More than two months into my stint behind the wheel of the Swift and it’s been racking up miles like a D-sector motorway cruiser, averaging more than 80 miles a day. It hasn’t been driving that distance every day, but there have been weekly airport runs.
Although it produces 90hp, the Swift isn’t at its happiest on the motorway. The five-speed gearbox sees the engine fizzing away at somewhere near 3,300rpm at 70mph. This makes the cabin a little noisy, as well as taking average fuel economy to around 50mpg. The car’s official combined figure is 67.3mpg.
The engine will happily chug along at 30mph (or even a little lower) in fifth gear, so the Swift Dualjet actually turns out to be relatively economical scuttling around at 40-50mph. For the most part average fuel economy has been around 55mpg, despite achieving more than 60mpg on some trips.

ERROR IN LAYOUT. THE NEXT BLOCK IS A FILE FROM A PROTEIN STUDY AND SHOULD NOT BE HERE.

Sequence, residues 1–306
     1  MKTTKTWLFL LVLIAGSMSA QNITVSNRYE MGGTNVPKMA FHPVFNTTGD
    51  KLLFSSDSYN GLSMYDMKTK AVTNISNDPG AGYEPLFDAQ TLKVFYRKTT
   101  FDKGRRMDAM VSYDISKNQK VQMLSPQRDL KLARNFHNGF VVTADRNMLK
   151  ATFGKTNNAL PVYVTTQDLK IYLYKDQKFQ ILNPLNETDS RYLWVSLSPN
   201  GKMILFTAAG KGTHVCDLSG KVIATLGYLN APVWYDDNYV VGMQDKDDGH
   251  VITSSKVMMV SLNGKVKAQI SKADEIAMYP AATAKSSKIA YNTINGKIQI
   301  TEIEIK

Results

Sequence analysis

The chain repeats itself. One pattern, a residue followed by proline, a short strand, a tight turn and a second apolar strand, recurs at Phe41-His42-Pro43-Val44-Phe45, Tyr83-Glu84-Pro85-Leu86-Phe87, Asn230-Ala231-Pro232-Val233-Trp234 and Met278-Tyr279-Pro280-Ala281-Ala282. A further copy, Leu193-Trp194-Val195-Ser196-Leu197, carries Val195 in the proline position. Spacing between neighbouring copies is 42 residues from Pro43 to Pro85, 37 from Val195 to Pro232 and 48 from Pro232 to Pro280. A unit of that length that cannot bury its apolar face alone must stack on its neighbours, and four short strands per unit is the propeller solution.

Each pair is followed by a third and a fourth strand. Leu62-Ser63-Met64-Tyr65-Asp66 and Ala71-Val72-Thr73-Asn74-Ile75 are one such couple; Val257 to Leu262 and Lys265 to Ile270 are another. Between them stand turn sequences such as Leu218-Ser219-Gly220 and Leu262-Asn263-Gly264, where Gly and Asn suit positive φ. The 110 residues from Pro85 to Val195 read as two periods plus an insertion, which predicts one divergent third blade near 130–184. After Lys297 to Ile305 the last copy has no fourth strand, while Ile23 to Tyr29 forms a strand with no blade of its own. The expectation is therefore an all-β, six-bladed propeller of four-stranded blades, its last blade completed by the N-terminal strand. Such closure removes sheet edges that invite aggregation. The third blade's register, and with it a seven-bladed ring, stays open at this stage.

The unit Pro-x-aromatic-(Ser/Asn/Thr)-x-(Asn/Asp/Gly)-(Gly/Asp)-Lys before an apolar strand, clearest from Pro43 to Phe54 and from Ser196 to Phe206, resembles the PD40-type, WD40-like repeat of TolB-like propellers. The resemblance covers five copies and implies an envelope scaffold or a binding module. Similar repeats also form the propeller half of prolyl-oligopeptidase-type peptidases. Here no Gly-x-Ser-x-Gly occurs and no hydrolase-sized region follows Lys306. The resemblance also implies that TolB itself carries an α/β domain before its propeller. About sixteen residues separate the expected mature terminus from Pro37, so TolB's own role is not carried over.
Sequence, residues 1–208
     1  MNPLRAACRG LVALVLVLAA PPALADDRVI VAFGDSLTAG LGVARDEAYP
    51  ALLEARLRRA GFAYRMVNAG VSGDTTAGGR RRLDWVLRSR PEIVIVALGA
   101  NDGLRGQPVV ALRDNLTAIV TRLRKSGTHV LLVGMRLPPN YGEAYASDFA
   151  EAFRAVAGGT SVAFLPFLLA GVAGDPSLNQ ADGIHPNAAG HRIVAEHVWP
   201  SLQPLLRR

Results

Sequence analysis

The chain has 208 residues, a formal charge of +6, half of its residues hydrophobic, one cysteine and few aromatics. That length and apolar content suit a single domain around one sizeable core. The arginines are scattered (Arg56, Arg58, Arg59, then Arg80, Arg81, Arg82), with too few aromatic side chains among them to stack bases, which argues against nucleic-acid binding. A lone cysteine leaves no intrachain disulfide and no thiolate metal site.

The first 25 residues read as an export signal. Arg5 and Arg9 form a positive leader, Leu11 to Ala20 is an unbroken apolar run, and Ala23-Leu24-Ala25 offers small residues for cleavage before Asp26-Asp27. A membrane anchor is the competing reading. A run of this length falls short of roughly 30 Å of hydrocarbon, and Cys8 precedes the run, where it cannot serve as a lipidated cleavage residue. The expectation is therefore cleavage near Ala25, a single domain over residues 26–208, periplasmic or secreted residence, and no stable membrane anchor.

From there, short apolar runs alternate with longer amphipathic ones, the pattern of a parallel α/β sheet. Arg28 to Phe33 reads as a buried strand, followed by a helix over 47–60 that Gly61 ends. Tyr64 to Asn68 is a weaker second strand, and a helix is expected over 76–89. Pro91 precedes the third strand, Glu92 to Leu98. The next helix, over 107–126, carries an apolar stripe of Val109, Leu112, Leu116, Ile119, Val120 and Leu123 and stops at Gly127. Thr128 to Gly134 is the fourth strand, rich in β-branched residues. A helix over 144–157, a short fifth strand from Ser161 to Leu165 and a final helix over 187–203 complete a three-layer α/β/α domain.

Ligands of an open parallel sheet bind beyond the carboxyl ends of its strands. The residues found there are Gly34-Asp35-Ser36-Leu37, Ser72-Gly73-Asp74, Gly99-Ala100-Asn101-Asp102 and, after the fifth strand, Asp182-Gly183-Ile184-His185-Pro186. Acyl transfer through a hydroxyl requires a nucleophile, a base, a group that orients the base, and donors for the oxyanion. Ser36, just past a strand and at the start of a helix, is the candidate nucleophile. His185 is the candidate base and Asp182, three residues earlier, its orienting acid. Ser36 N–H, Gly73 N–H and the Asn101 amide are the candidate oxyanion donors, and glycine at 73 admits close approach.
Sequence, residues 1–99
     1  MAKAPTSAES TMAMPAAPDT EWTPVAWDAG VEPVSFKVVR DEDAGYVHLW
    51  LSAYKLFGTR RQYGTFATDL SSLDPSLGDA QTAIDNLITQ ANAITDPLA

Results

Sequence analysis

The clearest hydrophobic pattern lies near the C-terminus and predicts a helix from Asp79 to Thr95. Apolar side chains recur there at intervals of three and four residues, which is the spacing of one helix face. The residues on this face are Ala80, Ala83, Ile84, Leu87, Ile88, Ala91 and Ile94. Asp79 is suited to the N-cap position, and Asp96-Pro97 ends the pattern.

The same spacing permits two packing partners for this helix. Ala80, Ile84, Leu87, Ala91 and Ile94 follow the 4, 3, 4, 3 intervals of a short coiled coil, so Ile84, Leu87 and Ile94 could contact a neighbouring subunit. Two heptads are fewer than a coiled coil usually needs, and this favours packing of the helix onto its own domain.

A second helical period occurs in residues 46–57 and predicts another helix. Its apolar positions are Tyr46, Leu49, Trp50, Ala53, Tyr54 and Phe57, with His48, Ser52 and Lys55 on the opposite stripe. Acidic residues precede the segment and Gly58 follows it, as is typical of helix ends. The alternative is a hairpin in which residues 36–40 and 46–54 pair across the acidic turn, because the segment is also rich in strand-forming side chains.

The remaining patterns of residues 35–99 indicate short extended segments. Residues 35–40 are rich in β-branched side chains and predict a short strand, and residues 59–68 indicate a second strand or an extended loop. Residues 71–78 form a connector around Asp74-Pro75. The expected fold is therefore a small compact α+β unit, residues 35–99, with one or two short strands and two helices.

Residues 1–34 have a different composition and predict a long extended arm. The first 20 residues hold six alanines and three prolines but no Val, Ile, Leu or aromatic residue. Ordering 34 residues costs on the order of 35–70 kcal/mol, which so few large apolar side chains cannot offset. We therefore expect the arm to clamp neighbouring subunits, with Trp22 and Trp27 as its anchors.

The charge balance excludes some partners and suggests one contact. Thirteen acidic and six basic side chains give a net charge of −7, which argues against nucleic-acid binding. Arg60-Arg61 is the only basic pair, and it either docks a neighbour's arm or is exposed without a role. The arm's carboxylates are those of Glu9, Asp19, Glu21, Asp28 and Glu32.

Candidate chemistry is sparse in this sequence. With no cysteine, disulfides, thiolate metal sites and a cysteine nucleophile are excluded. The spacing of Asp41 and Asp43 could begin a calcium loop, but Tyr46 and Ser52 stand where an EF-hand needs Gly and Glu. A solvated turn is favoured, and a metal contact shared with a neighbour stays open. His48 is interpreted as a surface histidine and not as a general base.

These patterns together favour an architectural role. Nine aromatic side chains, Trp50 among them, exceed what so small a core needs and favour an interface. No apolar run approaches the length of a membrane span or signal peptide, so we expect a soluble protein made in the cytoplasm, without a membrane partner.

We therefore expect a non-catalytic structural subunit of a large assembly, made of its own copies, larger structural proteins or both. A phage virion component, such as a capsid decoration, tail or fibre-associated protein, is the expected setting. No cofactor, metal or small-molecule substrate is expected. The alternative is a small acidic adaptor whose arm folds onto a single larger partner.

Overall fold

Another effect of the high mileage in my custodianship (and the fact that just over 2,000 miles were on the clock when we took delivery) is that we recently hit 9,000 miles so that its first service is due.
Often Japanese manufacturers (including Nissan and Toyota) will schedule a ‘minor service’ for their cars at around 9,000-10,000 miles, whereas some European manufacturers think customers prefer longer intervals between visits to the dealer. Ford and Vauxhall suggest a 12,500-mile service for the Fiesta and Corsa. A Peugeot 208 goes 16,000 miles, while a Renault Clio can travel more than 18,000 miles between services.
There are pros and cons: more frequent servicing can identify potential problems sooner, while longer intervals can reduce routine SMR costs. Fleets will have their own views, but the inconvenience of more downtime through more visits to the dealer during a car’s lifecycle could be off-putting for some.